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Biochemistry. 2003 Jul 15;42(27):8313-24.

Inhibition of c-src transcription by mithramycin: structure-activity relationships of biosynthetically produced mithramycin analogues using the c-src promoter as target.

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Division of Pharmaceutical Sciences, College of Pharmacy, University of Kentucky, Lexington, Kentucky 40536, USA.


The aureolic acid antitumor antibiotic mithramycin (MTM) inhibits both cancer growth and bone resorption by cross-linking GC-rich DNA, thus blocking binding of Sp-family transcription factors to gene regulatory elements. Transcription of c-src, a gene implicated in many human cancers and required for osteoclast-dependent bone resorption, is regulated by the binding of Sp factors to specific elements in its promoter. Therefore, this gene represents an important anticancer target and a potential lead target through which MTM displays its so far uncharacterized action against osteoclastic bone resorption. Here we demonstrate, using DNA binding studies, promoter reporter assays, and RT-PCR, that MTM inhibits Sp binding to the c-src promoter region, thereby decreasing its expression in human cancer cells. Furthermore, selected mithramycin analogues, namely, premithramycin B, mithramycin SK, 7-demethylmithramycin, 4E-ketomithramycin, and 4C-ketodemycarosylmithramycin, generated through combinatorial biosynthesis, were compared with MTM for their ability to block Sp binding to the c-src promoter. Although most of the tested compounds lost their ability to bind to the DNA, alteration of the MTM 3-pentyl side chain led to a compound (mithramycin SK) with the same DNA binding specificity but with lower binding affinity than MTM. While this compound was comparable to MTM in promoter reporter, gene expression, and anticancer assays, given its weaker interaction with the DNA, it may be much less toxic than MTM. The results presented here supplement recent findings and, moreover, allow new conclusions to be made regarding both the structure-activity relationships, particularly with respect to the alkyl side chains, and the mechanism of action of aureolic acid drugs.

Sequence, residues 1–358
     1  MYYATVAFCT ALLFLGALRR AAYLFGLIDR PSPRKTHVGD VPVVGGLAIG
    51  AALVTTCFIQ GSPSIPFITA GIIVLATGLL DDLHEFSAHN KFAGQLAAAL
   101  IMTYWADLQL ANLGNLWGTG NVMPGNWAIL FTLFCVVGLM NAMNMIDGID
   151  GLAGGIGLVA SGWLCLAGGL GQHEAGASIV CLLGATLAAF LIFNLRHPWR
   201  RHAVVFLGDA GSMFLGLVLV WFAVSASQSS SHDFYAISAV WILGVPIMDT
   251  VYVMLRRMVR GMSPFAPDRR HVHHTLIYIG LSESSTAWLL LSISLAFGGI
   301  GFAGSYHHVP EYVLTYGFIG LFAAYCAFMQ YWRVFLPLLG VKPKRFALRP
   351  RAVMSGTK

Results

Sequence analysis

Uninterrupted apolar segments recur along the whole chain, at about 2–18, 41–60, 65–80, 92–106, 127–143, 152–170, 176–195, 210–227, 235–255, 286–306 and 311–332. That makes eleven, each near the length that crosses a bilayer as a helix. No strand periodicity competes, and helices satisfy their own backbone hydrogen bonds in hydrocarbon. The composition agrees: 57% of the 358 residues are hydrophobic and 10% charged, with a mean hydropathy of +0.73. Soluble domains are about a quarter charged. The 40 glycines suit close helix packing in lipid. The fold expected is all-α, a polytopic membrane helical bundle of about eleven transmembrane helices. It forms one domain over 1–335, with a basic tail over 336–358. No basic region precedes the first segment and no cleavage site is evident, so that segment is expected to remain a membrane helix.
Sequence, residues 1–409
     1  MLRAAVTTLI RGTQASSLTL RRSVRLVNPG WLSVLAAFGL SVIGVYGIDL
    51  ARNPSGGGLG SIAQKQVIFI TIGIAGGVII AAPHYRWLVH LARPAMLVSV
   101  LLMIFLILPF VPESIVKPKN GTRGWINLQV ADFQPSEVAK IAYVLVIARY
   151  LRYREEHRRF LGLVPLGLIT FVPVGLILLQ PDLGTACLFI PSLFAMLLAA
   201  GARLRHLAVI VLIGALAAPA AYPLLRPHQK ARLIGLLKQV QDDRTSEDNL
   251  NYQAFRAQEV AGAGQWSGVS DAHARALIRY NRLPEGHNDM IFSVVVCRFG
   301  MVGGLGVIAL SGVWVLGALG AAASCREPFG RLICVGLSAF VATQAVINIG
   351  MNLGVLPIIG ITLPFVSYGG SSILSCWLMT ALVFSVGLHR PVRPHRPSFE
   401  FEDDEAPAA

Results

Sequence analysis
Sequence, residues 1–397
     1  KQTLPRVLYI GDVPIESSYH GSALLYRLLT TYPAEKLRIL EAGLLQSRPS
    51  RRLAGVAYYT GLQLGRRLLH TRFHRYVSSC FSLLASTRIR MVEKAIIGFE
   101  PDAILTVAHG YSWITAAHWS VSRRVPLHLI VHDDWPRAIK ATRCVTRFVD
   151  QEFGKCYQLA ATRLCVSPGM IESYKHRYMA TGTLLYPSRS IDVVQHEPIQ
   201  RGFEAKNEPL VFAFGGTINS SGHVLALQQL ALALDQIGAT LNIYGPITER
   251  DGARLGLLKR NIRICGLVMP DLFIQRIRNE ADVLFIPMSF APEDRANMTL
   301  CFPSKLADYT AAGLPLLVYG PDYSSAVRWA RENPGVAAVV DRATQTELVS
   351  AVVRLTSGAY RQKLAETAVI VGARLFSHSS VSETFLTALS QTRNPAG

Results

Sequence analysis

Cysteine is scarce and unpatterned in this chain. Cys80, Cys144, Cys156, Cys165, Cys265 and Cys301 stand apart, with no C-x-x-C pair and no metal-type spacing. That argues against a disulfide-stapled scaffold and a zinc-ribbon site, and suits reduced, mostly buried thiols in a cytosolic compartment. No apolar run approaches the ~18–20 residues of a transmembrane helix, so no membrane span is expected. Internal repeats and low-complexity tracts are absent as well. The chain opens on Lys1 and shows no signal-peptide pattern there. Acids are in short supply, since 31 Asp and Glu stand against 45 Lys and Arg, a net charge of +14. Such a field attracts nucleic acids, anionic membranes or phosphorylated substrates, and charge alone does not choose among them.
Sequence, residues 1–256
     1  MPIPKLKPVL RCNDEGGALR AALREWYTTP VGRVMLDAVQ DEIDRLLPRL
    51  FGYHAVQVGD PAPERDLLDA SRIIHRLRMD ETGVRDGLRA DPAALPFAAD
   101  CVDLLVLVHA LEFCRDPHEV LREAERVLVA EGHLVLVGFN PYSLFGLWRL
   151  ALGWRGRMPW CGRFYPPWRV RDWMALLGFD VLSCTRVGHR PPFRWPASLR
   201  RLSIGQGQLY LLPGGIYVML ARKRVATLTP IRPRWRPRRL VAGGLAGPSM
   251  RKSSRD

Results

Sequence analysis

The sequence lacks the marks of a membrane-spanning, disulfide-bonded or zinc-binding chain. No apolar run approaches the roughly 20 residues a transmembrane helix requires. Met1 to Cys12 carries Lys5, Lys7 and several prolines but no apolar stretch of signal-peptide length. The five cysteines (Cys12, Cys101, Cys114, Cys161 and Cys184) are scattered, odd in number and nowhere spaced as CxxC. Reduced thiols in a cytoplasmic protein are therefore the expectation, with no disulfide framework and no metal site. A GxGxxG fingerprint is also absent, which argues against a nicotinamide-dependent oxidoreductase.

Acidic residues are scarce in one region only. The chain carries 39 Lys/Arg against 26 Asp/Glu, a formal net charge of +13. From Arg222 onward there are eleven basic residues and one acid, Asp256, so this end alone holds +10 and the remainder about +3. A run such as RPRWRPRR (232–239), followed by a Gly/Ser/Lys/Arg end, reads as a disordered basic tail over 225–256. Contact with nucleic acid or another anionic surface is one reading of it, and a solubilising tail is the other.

[Indexed for MEDLINE]

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